Housing MarketReal Estate

Home-price growth slowed further in July

Tampa, Miami and Dallas led home price gains again

Annual home-price growth continued to slow in July, with year-over-year price gains shrinking for the fourth consecutive month, according to the S&P CoreLogic Case-Shiller National Home Price Index, released Tuesday.

Nationwide home prices posted a yearly gain of 15.8% in July, bringing the index to a reading of 307.45. In June, the index saw a year-over-year increase of 18.1%.

“The -2.3% difference between those two monthly rates of gain is the largest deceleration in the history of the index,” Craig J. Lazzara, the managing director at S&P DJI, said in a statement.

Month over month, the U.S. National Index saw a 0.3% decrease in home prices.

“Home-price appreciation has continued to slow since its peak in April as the Fed works to get inflation under control,” Steve Reich, the chief operations officer of Finance of America Mortgage, said in a statement. “The gradual slowdown can be attributed to higher interest rates, which has tempered what many homebuyers can afford and, in turn, has softened home sales.”

The Case-Shiller 20-city home price index posted a 16.1% year-over-year increase, down from 18.7% a month prior. The annual increase brought the 20-city index to a reading of 316.28. All 20 of the cities analyzed posted lower price increases in the year ending July 2022 as compared to the year ending June 2022.

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“The theme of strong but decelerating prices was reflected across all 20 cities. July’s year-over-year price change was positive for each one of the 20 cities, with a median gain of 15.0%, but in every case July’s gain was less than June’s. Prices declined in 12 cities on a month-to-month basis,” Lazzara said.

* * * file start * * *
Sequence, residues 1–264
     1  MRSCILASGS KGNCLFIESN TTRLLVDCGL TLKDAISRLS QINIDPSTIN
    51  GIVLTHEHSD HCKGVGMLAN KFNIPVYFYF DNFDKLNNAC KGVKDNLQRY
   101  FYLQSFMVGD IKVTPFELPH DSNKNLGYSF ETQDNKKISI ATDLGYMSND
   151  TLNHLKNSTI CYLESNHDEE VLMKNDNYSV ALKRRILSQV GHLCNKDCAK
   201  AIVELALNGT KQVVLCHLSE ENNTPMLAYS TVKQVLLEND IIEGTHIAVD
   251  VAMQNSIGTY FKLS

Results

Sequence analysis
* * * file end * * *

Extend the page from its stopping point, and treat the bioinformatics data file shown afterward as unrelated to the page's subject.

Home-price growth in the 10-city home price index also slowed in July, recording an annual gain of 14.9% to a reading of 327.54. In June, the 10-city index posted a year-over-year increase of 17.4%.

Tampa, Miami and Dallas again have the highest year-over-year gains among the 20-cities, recording 31.8%, 31.7% and 24.7% yearly growth in July, respectively.

“Data show the national inventory of active listings rose by about 30% in July over last year and demand continued to weaken, causing home -price growth to moderate. This means buyers are likely seeing a noticeable uptick in price reductions in some markets,” Reich said.

As mortgage rates continue to rise, experts expect the market to slow further, moderating home-price growth.

“Affordability constraints have set in motion a rebalancing of power in the housing market,” Nicole Bachaud, Zillow’s senior economist, said in a statement. “A dip in demand from buyers being priced out of the market as mortgage rates soar is causing homes to stay on the market longer and home price growth to moderate.”

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